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Gerrit Rietveld: Red and blue chair

 

With the Schroder’s house Rietveld created a totally original vocabulary in building construction and in the treatment of interior living space. The complex, asymmetric cubic construction of horizontal and vertical planes and lines encloses and releases space in a three-dimensional equivalent of a Mondrian painting. Linear elements are red, blue, yellow or black; surfaces white or grey.

 

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Gerrit Rietveld: Schroder house

 

A major effect on Rietveld was also Frank Lloyd Wright’s work who was a functionalist and a part of an International style. The most influential details from his work were the flow he produced between interior and exterior and also the use of verticals and horizontals. You can also see that in Rietveld’s last work, Gerrit Rietveld Academie where glass surfaces are made in a way you can see through the building, therefore it merges with surrounding nature.

 

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Frank Lloyd Wright: Fallingwater Frank Lloyd Wright: Robie house

 

While quickly recognized as a major contributor to the development of Modernist architecture, interior and furniture design, Rietveld’s later work was largely confined to furniture design. Most known examples are his tubular steel and wood Beugelstoel chair, wooden Zig-Zag chair and wooden Crate chair. Among his other design work was the Netherlands pavilion for the 1954 Venice Biennale and a sculpture pavilion in Arnhem, Holland, built in 1955.
His furniture was designed for a mass production to be available to a large audience, even though at the end is wasn’t mass produced nor standardized – no two versions had the same dimensions.
It’s funny how when you see buildings, you mostly don’t think about the theoretical background of their form. Until we started making this research, we were more focused on functionalist features of buildings and which movement or era they belong too, but now we find ourselves thinking: ” Do this shapes represent some philosophical ideas?”

 

To conclude …

 

It’s interesting how the abstraction of Mondrian and Rietveld’s work seems to be so far from theosophical ideas – when you see the chair or a painting you don’t make an instant connection.
Mondrian and Rietveld both seems to try to make art that could reach the majority of people –a painting that would have an universal meaning (Mondrian) and a furniture that would be available for masses (Rietveld) – Art for everyone, art that would make life better. In a way, one can consider it an utopian idea, since the majority of people does not really understand the theosophical thinking … So the question remains: How educated should someone be when experience their art? Or in other words, to what point do you have to be aware of the purpose of the work to have the full experience of it? [x]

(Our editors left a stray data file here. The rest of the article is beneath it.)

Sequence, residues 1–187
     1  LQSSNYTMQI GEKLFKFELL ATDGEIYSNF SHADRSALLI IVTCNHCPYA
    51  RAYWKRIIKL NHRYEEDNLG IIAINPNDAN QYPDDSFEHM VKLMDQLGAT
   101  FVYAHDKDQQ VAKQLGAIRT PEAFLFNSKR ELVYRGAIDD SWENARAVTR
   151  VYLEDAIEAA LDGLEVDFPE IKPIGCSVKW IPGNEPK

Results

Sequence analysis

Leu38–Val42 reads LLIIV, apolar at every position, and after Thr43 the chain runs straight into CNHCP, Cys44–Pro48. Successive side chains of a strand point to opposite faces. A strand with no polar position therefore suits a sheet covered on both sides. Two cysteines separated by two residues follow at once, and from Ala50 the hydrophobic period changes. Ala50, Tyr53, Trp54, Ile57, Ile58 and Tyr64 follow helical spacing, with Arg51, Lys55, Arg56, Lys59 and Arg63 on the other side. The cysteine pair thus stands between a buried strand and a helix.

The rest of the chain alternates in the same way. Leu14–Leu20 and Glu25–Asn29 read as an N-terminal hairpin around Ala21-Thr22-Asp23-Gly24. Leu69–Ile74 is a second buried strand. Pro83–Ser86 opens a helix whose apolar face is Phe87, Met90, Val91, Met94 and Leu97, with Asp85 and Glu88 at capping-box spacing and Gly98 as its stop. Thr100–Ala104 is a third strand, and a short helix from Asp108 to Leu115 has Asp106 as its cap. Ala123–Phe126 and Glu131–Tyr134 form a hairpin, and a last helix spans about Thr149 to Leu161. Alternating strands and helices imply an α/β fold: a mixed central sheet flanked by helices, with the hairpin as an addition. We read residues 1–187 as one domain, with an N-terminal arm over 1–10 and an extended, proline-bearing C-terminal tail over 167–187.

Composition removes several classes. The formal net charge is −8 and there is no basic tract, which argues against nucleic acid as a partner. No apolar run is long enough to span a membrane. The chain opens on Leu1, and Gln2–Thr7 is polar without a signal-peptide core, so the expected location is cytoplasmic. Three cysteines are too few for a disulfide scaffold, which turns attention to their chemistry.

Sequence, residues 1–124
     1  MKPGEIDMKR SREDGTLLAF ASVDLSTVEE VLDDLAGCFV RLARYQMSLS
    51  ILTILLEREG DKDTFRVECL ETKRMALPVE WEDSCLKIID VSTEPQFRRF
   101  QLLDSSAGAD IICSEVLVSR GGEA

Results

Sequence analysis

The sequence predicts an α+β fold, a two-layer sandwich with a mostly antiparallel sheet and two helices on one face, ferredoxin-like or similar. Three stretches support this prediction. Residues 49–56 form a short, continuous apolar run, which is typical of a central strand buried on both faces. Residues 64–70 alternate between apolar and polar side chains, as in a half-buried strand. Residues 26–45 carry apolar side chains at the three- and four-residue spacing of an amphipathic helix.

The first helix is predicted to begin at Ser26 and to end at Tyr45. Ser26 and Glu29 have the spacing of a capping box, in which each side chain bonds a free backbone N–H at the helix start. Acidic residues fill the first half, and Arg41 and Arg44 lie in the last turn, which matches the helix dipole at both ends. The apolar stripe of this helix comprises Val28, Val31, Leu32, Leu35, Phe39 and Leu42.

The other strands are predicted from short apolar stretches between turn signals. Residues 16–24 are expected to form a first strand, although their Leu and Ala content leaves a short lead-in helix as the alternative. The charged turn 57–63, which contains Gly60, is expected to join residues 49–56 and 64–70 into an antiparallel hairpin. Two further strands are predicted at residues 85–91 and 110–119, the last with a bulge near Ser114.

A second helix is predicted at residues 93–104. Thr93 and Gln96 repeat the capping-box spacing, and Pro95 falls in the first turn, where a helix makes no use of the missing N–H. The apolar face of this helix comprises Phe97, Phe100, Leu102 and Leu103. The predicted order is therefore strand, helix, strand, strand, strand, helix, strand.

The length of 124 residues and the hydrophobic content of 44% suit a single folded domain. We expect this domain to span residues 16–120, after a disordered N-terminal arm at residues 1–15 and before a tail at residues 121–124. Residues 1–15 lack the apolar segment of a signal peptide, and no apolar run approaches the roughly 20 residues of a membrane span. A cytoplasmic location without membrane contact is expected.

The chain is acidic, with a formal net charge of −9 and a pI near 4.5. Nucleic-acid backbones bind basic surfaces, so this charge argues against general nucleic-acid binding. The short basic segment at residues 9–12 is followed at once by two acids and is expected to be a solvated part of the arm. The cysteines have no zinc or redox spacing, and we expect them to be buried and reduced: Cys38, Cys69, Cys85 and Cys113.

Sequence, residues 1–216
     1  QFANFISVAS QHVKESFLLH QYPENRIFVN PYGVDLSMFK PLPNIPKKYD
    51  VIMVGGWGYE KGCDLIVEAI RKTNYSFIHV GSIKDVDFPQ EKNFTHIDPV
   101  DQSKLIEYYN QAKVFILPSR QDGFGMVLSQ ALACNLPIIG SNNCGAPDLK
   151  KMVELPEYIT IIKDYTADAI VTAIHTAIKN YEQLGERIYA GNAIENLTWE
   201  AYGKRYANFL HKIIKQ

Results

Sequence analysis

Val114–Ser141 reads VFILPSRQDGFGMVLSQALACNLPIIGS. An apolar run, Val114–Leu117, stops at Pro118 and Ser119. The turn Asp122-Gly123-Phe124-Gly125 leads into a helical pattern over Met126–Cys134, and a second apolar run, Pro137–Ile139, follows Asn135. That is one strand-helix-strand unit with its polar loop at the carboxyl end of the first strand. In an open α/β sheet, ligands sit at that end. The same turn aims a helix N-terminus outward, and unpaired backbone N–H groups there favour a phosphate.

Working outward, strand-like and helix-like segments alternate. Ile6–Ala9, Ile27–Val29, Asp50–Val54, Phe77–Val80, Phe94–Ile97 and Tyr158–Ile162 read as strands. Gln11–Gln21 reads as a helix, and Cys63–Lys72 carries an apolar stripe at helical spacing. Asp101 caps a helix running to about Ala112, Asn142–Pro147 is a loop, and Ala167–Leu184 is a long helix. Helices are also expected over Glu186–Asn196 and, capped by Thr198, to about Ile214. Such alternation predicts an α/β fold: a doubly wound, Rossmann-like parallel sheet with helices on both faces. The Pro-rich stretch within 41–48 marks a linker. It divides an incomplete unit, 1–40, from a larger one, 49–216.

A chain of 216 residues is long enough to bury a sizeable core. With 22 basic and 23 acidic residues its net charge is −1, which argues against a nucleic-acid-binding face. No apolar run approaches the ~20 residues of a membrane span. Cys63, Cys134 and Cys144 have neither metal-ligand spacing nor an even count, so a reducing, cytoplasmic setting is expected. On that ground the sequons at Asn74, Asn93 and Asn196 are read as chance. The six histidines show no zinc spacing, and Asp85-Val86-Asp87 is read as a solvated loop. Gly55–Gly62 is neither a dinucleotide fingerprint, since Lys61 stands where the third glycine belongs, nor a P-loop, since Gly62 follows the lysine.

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Now you know. Awesome, isn’t it?

a cooperative research by Neza Kokol and Carlota Bóia Teixeira Neto

In with the out


Wednesday, October 18, 2017

We questioned ourselves on this new ideology De Stijl was confronting itself with in the early 1920s. One of them being the notion of inside and outside in architecture. As we found out by researching aspects of the Stijl after viewing the exhibition « Architects and Interiors » in the Gemeentemuseum of the Hague, there is a significant new way of looking at architecture in that period of time. Architects wanted a style that was more connected with their own time and ideology, traditional architectural rules were no longer significant. When we look at the scale models of the Maison d’Artiste by Theo Van Doesburg and Cor van Eesteren , designed in 1923, we can see the transition of walls that flow from inside to the outside. Trying to dissolve lines but also creating a way to incorporate the outside into the building. An interesting factor at the time was the creation of big windows and the opening up of space, which created a deeper connection to the exterior. Another example from around the same time is the Schindler House built in 1922 in Hollywood. By creating a massive wall that can be opened up between the garden and the living room, Rudolph M.Schindler created a space that can connect the inside with the outside.

Schindler house

Schindler House

Our next lead took us to the Case Study House project (1945-1966). A project consisting of 36 planned houses that were published in the Los Angeles based Arts & Architecture magazine. After the second world war there was an advance in technology and material. Architects worked together with the magazine to create new ways of seeing and constructing liveable homes during the population boom at the time. Even though not all houses were actually build, these plans were a hot topic among American architects. These houses were characterised by flat roofs, glass walls, modular design and steel frame construction. They neatly integrated into the sites with an emphasis on indoor-outdoor living. One of the first examples that can indicate a fusion of inside and outside is the plans for the Greenbelt house, where the architect tried to create an open space in the middle of the house that could be used as a place to store crops and other vegetation. Another project is the #21 case study by Koenig, where an irrigation system that surrounds the steel construction helps cool off the house itself. The design emphasise harmony of materials and balance between interior and exterior through the use of terraces, water, glazing, and skylights. Many more of these projects were about the connecting and fusing of the outside with the inside. Elizabeth Smith, Chief Curator of the Museum of Contemporary Art in Chicago, talks about this combining of inside and outside elaborately among other subjects in this lecture.